• The violent victimization of juveniles is greatest between 3:00 p.m. and 9:00 p.m.22

  • Children without adult supervision are at significantly greater risk of stress, truancy from school, poor grades, risk-taking behavior, and substance use. Children who spend more hours on their own and begin self-care at younger ages are at increased risk of poor outcomes.23

Many Families in Child Welfare Have Serious Substance Abuse Problems

  • Substance abuse, a major factor in child abuse and neglect, is associated with as many as one-half or more of the children placed in the custody of child welfare.24

  • Parental substance abuse and poverty are the top two problems in child protective caseloads in 85% of the states.25

  • Children whose parents abuse drugs and alcohol are almost three times more likely to be abused and more than four times more likely to be neglected than children of parents who are not substance abusers.26

  • Among female substance abuse treatment clients who are parents, 44% reported they entered substance abuse treatment to retain or regain custody of their children.27

  • Substance abuse is a treatable public health problem with cost-effective solutions, yet 46% of parents with substance abuse problems who are also involved in the child welfare system were neither offered nor provided substance abuse services.28

Violence and Incarceration Remain Serious Issues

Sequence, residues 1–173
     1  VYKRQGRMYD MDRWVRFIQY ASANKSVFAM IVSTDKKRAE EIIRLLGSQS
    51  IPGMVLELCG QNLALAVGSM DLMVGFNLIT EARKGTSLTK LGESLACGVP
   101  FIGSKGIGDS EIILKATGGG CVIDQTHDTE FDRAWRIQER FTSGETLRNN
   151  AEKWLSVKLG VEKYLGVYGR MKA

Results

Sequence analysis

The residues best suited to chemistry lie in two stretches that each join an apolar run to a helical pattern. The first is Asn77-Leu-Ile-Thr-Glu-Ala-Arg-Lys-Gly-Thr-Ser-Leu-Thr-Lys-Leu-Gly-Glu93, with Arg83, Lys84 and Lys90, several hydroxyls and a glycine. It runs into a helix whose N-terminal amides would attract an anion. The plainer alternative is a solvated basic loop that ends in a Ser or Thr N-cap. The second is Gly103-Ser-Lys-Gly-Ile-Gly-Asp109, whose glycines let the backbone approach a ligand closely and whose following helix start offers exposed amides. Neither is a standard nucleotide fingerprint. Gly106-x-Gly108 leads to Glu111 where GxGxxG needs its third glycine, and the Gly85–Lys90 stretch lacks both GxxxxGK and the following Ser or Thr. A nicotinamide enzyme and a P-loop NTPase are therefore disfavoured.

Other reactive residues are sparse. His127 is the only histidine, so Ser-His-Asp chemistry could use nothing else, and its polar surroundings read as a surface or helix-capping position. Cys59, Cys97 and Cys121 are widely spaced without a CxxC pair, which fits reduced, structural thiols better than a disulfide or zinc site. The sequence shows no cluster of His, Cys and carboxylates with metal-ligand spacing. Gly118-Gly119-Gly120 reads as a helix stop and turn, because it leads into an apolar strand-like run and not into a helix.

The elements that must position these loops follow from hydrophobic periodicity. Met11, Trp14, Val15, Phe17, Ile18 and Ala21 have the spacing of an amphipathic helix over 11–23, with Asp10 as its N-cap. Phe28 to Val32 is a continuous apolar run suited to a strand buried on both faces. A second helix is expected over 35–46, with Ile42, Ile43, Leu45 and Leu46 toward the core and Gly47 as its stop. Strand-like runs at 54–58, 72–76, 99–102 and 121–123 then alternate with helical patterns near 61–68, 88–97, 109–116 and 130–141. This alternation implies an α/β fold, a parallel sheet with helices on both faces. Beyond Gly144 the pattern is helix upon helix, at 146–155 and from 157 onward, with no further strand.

• In 1998, 3,761 young people ages 0-19 were killed by firearms-more than 10 every day. Of these deaths, 2,184 were determined to be homicides, and 1,241 were suicides.29

  • In 1997, the suicide rate for children ages 10-14 was 1.6 per 100,000. For youth ages 15-19, the rate was 9.5 per 100,000.30

  • Between 1993 and 1998, juvenile homicides declined 56%, violent youth crime decreased 37%, and overall youth crime declined 14%.31

  • Law enforcement agencies in the United States made an estimated 2.5 million arrests of persons under age 18 during 1999. While juvenile violent crime arrests declined to the lowest this decade, the juvenile Violent Crime Index was 366 per 100,000 youth ages 10-17.32

  • In October 1997, 105,790 children and youth offenders were in juvenile correctional facilities. Of those, 72% were committed by the court; 26% were detained while awaiting a court hearing, adjudication, disposition, or placement; and 2% were voluntarily admitted.33